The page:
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Introduction to the A3                                                               Page 4

Here are some examples of Cause Statements and the same statements as Problem Statements
     Cause Statement: Illegal immigration is a real problem because it increases our crime rate.
     Problem Statement: Our crime rate is too high, and this threatens our safety and our standard of living.
     Cause Statement: Illegal immigration must be dealt with because it makes us susceptible to terrorist attacks.
     Problem Statement: Terrorist attacks claim the lives of thousands and this puts all of us at risk and affects our standard of living.
    Cause Statement: Joe backed into a car with a forklift because he didn’t have a spotter.
    Problem Statement: We have several employees which operate large equipment in hazardous conditions and they have had several minor accidents which could have resulted in severe or fatal injury.
    Cause Statement: We don’t have enough manpower and will finish late.
    Problem Statement: We are not going to finish the project on time or on budget based on our current production rates. 

The cause statements above all have something in common. They contain one of the potential causes of the problem in the problem statement. You will identify the causes in step 2. For now, just define the problem, leave the causes out of the statement. If you don’t, you will tend to only focus on one cause, the one identified in the problem statement. This is limiting, and you might actually find that you are spending your time addressing a something which is not the real root cause of the problem.


First, let’s define the problem. Putting all the information needed to analyze, develop and communicate a problem and its solution onto a single piece of 11 x 17 paper seems like an impossible task. Especially when it all must be written so that everyone can read it while it is posted on a wall. The problem statement is a key to accomplishing this.  If you get point A wrong, the problem, then all assumptions made to get to the solution may also be incorrect and, so too, the solution.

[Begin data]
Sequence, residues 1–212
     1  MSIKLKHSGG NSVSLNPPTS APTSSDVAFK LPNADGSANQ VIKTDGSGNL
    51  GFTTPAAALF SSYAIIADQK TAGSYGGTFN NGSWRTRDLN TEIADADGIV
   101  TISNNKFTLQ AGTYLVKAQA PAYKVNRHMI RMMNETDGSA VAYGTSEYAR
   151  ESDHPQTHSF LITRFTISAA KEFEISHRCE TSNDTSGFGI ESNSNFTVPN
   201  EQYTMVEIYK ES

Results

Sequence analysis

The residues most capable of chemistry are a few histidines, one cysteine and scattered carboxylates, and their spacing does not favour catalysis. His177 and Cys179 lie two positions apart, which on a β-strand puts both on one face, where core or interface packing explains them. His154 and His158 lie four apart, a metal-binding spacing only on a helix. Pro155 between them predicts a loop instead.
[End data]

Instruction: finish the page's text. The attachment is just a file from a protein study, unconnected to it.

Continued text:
It seems obvious that we must define the problem. However, very often we begin problem solving discussions without doing that very thing. Let me use an example that seems to be very prominent in America today. The issue of illegal immigration. Everyone seems to have a very strong opinion about this issue and I do not want to express opinions here. I think this is a good example because we are discussing how to address this “problem.” The point here is that there is very little discussion defining the problem. In other words, there are statements such as “There is too much illegal immigration” or “We have to stop illegal immigration”. As I hear these statements, I often have two thoughts, 1. I accept the premise that there is illegal immigration.  And 2. What is the problem that there is illegal immigration?  I ask this question when the discussion comes up and I often hear a variety of answers that boil down to three categories:  1. It causes a loss of jobs for America citizens 2. It increases our crime rates 3. It allows acts of terror.  I am not attempting to express an opinion, simply explaining the opinions I have heard most prominently. All three of these are a step in the right direction. In other words, if we were going to address this issue then we would not address the issue of illegal immigration, because that is not a defined problem. What we could address is the actual defined problems and do that one at a time. For example: Lets take the first one. It causes a loss of Jobs for American Citizens. An example of the defined problem statement for this issue would be: America is facing a high unemployment rate and this leads to economic decline. That is a problem. The starting problem statement of “illegal immigration” is not a problem statement at all, it is a fact or cause statement. In other words, it is not defining a problem it is stating either a fact or pointing out a possible cause of a problem. We frequently make this error and have a complete analysis of a “problem” without actually defining the problem.  Now that we have a problem defined, we would start on the second step, which is to define the current condition, which I will discuss in more detail in a moment.